• OCIE’s Approach. In its examinations, OCIE will review a firm’s records to determine the dates that relationship summaries were provided to existing retail investors by July 30, 2020, and prior to: (i) opening a new account for an existing retail investor; (ii) recommending that the investor rollover their retirement assets into a new or existing account or investment; or (iii) recommending a new brokerage or investment advisory service or investment that does not necessarily involve the opening of a new account and would not be held in an existing account. OCIE will also want to verify that the firm is providing its relationship summary to new retail investors before or at the earliest of: (i) entering into an investment advisory contract; (ii) recommending an account type, a securities transaction, or an investment strategy; (iii) placing an order for the investor; or (iv) opening a brokerage account for the investor

Content. The relationship summary is designed to provide succinct information about (i) relationships and services the firm offers to retail investors; (ii) fees and costs that retail investors will pay, conflicts of interest, and the applicable standard of conduct; and (iii) disciplinary history. Form CRS prescribes a standardized question and answer format designed to elicit this information and must be written in plain English.

  • OCIE’s Approach. OCIE may review a firm’s relationship summary to assess whether it includes all of the required information and does not omit any material facts necessary to make the disclosure, in light of the circumstances in which it is made, not misleading, content of the relationship summary, policies, and procedures regarding updating the Form CRS, and compliance with recordkeeping obligations. This may include, for example:
    • How the firm describes the services it offers to retail investors, including how it monitors investor accounts and the level of its investment authority.
    • Descriptions of the principal fees and costs that retail investors will incur directly or indirectly, and examples of the categories of the most common fees and costs applicable to the firm’s retail investors, including, for example, custodian fees, account maintenance fees, fees related to mutual funds and variable annuities, and other transactional fees and product level fees. Registrants should expect that OCIE staff will ask to review fee schedules, advisory agreements, and brokerage agreements, and will compare the fees detailed in those documents against the disclosure in the relationship summary.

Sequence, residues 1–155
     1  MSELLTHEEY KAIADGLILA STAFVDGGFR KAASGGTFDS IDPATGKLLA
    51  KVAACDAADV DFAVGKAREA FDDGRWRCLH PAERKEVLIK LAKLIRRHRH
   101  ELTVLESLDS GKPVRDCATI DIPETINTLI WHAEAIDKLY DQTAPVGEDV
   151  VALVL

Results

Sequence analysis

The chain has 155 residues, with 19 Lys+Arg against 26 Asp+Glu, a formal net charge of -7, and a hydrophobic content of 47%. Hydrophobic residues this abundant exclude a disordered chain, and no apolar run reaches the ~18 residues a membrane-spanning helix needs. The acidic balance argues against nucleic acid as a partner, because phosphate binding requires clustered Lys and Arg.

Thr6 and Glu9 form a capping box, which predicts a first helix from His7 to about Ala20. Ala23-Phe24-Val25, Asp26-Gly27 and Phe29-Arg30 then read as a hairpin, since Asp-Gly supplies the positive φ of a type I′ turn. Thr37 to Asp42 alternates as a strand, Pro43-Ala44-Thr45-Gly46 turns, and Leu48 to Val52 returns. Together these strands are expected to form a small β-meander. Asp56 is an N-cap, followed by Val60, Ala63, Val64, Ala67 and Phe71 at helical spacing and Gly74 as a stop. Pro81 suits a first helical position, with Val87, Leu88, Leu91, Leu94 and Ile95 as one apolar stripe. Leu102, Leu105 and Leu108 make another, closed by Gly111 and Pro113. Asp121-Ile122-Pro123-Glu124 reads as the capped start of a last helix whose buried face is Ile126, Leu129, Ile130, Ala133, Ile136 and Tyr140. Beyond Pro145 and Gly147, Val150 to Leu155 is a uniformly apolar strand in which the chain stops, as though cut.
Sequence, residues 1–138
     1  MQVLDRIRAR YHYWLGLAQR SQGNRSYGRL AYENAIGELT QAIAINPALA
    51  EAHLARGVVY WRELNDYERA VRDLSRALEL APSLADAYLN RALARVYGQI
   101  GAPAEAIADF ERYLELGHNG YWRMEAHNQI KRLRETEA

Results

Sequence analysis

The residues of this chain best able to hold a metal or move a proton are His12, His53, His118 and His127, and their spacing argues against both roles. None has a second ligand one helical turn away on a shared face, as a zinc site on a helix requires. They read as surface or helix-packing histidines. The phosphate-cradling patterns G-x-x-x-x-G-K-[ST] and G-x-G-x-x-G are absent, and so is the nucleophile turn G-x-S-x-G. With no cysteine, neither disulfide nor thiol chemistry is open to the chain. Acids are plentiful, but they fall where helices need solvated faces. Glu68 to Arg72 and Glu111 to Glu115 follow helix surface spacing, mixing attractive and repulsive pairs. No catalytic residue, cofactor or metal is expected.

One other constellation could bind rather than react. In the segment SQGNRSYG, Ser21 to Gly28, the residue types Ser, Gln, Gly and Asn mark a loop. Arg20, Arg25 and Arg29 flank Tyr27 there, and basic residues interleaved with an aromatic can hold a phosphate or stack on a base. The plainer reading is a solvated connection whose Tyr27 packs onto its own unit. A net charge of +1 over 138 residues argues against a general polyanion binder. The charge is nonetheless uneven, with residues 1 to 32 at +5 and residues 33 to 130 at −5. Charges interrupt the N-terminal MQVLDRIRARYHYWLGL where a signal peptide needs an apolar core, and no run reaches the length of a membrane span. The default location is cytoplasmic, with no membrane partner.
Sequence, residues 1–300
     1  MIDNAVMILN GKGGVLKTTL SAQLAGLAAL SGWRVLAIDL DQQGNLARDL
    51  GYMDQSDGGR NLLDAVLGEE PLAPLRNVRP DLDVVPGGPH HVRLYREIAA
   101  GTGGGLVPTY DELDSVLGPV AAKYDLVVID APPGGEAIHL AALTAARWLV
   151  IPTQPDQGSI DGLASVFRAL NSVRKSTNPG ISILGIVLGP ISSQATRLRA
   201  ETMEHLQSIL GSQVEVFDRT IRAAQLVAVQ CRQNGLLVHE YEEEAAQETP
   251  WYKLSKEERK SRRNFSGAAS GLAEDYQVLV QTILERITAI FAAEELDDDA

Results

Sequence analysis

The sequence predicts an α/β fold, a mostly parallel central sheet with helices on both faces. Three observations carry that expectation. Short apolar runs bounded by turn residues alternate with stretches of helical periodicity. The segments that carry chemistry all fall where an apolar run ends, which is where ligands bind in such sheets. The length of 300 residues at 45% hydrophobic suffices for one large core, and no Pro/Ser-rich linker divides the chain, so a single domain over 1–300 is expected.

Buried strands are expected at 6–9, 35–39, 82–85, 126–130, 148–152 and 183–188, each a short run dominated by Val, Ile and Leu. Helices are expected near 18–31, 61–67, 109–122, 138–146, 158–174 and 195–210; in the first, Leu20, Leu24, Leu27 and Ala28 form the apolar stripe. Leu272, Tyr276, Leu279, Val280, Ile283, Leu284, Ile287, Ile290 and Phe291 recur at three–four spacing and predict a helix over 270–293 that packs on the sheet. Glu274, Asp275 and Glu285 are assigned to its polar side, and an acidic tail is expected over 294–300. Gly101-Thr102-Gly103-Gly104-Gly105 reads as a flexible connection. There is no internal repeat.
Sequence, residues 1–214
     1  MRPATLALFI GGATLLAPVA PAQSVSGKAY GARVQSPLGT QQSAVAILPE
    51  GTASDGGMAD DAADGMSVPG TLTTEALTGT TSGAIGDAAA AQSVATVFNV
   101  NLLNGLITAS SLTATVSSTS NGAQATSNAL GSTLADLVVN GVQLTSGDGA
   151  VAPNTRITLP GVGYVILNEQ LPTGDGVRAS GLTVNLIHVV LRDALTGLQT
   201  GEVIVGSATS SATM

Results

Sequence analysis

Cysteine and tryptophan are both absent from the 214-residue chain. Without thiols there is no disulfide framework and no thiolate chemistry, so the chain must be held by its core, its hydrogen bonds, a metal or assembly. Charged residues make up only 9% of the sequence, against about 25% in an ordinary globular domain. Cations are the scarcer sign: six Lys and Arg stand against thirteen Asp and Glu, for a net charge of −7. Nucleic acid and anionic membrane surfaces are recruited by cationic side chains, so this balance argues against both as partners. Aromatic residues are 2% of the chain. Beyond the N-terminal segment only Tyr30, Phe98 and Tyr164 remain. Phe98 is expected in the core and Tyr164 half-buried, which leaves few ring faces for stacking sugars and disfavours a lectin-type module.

• Descriptions of how the firm compensates its financial professionals, including cash and non-cash compensation, and the conflicts of interest those compensation arrangements may create.
    • How the firm describes its conflicts of interest more generally, including incentives related to proprietary products, third-party payments, revenue sharing, and principal trading.

Updates. Form CRS must be updated within 30 days after any of the material in the relationship summary becomes materially inaccurate. The updated Form CRS must be posted on a firm’s website and filed with the SEC. Firms must also communicate the changes to retail investors within 60 days after the updates are required.

  • OCIE’s Approach. OCIE will review a firm’s compliance policies and procedures to ensure that the written procedures address the requirement to update the relationship summary when the content becomes materially inaccurate and to communicate such changes to retail investors. OCIE will also review filings of such updates to ensure that they appropriately highlight the changes made in each amendment. OCIE will also assess a firm’s policies and procedures related to delivery of the relationship summary to retail investors.

Our Takeaway

The SEC’s determination to stick with its original implementation dates for Reg. BI and Form CRS, as well as its intention to roll out a quick examination program to assess implementation, attest to its serious concern about protecting retail investors. Although OCIE has indicated that it will work cooperatively with broker-dealers and investment advisers during the initial implementation stages, the policy of cooperation is predicated on a determination that firms make a good faith effort to comply with the new regulations. Firms that fail to make such a good-faith effort can expect to be subjected to administrative remedies or enforcement proceedings.

It is therefore essential for broker-dealers, investment advisers, and their compliance personnel to utilize the remaining time before the implementation dates to ensure that they have adequately considered the issues addressed by the new regulations, adopted appropriate policies and procedures, identified material conflicts and prepared required disclosures.

[1] The SEC indicated that broker-dealers or investment advisers who are facing difficulties in meeting these compliance dates because of COVID-19 should contact SEC staff to discuss their issues.